by Kelly Lang
You can behold some of this delicious diversity at the local farm stands and stores that dot our roadsides. I can hardly wait to begin turning fall produce into pies, casseroles, sauces, soups and stews – the food, that to me, is the food of fall. Since I live in the city, I am only able to grow a little of my own food, and certainly not all the food that is necessary to sustain my family. I rely on a network of food systems that connect me to what I eat. From a desire to help lessen my impact on the environment, I am often left pondering which is best – local, organic, sustainable, GMO-free? The food choices are complex among a wilderness of ever-changing labels.
We are all connected to global, regional, and local food systems by the very food we eat. A food system is made up of all aspects of food production (the way the food is grown or raised; the way the food is harvested or slaughtered; and the way the food is processed, packaged, or otherwise prepared for consumer purchase) and food distribution (where and how the food is sold to consumers and how the food is transported). We can think of the global industrial food system, which includes all the food grown on Earth, and local or regional food systems, which are grown closer to where the consumer lives. As a result of the global food system, the seasonal pattern of food appearing in local grocery stores only at particular times of year is certainly changing. It seems that it is always citrus season somewhere on Earth, and that an orange can always find its way to a grocery store near you. Unfortunately, such convenience comes at a cost to the environment.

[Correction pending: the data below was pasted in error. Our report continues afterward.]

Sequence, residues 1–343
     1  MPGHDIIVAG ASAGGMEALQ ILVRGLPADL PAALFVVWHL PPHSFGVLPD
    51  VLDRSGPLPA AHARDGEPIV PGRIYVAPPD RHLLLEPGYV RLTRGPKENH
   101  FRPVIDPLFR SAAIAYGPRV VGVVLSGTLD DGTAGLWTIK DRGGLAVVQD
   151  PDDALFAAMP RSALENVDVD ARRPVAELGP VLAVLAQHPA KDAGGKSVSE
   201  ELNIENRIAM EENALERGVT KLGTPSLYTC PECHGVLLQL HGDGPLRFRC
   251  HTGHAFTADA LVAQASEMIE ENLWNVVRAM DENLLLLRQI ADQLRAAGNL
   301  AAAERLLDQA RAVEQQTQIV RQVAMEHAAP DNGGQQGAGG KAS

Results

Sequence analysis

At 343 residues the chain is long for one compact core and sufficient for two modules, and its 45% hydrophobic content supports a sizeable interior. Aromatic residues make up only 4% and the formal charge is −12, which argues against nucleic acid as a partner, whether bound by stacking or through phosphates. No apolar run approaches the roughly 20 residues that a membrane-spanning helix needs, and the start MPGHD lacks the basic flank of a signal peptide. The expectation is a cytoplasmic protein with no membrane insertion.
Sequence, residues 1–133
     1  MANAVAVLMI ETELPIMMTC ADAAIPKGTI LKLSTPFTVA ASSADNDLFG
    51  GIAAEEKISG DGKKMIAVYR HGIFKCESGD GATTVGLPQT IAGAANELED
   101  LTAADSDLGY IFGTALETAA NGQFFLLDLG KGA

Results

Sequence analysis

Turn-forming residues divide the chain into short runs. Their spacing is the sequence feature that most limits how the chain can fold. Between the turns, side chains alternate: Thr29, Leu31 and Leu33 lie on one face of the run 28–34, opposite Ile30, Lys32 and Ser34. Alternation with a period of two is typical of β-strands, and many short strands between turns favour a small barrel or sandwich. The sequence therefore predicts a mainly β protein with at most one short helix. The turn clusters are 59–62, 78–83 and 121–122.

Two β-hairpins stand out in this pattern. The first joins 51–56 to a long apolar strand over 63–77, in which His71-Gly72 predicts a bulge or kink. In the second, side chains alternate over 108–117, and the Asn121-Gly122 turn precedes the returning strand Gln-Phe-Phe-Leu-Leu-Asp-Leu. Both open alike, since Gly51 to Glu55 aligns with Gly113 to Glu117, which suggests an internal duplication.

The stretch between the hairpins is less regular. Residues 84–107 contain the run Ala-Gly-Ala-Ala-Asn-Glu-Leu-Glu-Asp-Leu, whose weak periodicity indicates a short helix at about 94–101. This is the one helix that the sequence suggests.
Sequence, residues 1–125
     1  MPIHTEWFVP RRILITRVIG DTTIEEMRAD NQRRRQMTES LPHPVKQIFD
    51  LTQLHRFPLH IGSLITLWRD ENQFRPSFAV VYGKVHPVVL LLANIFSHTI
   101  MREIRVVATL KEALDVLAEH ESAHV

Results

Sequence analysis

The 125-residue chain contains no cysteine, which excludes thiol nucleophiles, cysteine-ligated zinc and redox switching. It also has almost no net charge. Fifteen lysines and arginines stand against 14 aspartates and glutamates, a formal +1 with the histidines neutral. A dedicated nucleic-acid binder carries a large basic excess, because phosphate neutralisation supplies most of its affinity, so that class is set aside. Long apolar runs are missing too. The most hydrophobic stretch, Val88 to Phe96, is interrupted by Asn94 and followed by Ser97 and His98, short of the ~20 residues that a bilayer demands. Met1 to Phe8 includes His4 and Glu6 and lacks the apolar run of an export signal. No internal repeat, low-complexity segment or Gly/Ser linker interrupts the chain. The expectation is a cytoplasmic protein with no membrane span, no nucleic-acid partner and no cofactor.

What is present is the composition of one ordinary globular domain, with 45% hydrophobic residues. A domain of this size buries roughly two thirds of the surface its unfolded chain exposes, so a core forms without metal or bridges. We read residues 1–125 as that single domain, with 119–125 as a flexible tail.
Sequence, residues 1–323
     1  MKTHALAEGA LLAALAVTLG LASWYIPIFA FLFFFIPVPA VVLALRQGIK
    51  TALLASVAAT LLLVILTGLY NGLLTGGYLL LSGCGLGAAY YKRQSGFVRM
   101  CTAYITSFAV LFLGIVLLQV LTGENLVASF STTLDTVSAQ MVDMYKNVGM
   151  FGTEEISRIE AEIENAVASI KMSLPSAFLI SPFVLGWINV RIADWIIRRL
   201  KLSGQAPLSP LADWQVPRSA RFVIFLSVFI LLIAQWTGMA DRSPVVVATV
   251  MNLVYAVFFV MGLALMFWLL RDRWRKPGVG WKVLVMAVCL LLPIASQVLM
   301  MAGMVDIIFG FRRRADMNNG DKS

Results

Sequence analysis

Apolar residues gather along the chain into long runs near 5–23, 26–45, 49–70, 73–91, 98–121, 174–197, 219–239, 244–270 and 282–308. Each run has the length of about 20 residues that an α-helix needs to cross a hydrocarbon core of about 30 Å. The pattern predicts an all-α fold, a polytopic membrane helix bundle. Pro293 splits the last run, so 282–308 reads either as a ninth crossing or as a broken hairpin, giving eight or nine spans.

Local food systems bring us food which may offer environmental benefits and connects to our local producers in ways that the global food network cannot. Locally grown food is more likely to be fresher, more nutritious, and uses less energy to get to the consumer. However, just because food is labeled “grown locally” does not always mean it was produced using environmentally sustainable farm practices. Luckily, there are many farmers in our area that are part of the Northwest Pennsylvania Growers Cooperative. These farmers are committed to producing seasonal fruits, vegetables, eggs and meat with sustainable practices. And their produce is readily accessible right here in Erie. Many local grocers and markets carry produce from local farmers.
Check out the Pennsylvania Buy Fresh Buy Local PA website for a listing of all the places within 50 miles of Erie that carry local produce. You can learn more about how you can support local agriculture from the NWPA Growers Cooperative website.
The food landscape is filled with choices and it can be challenging to navigate. Sustainably grown food is one way to be good stewards of the planet’s precious resources.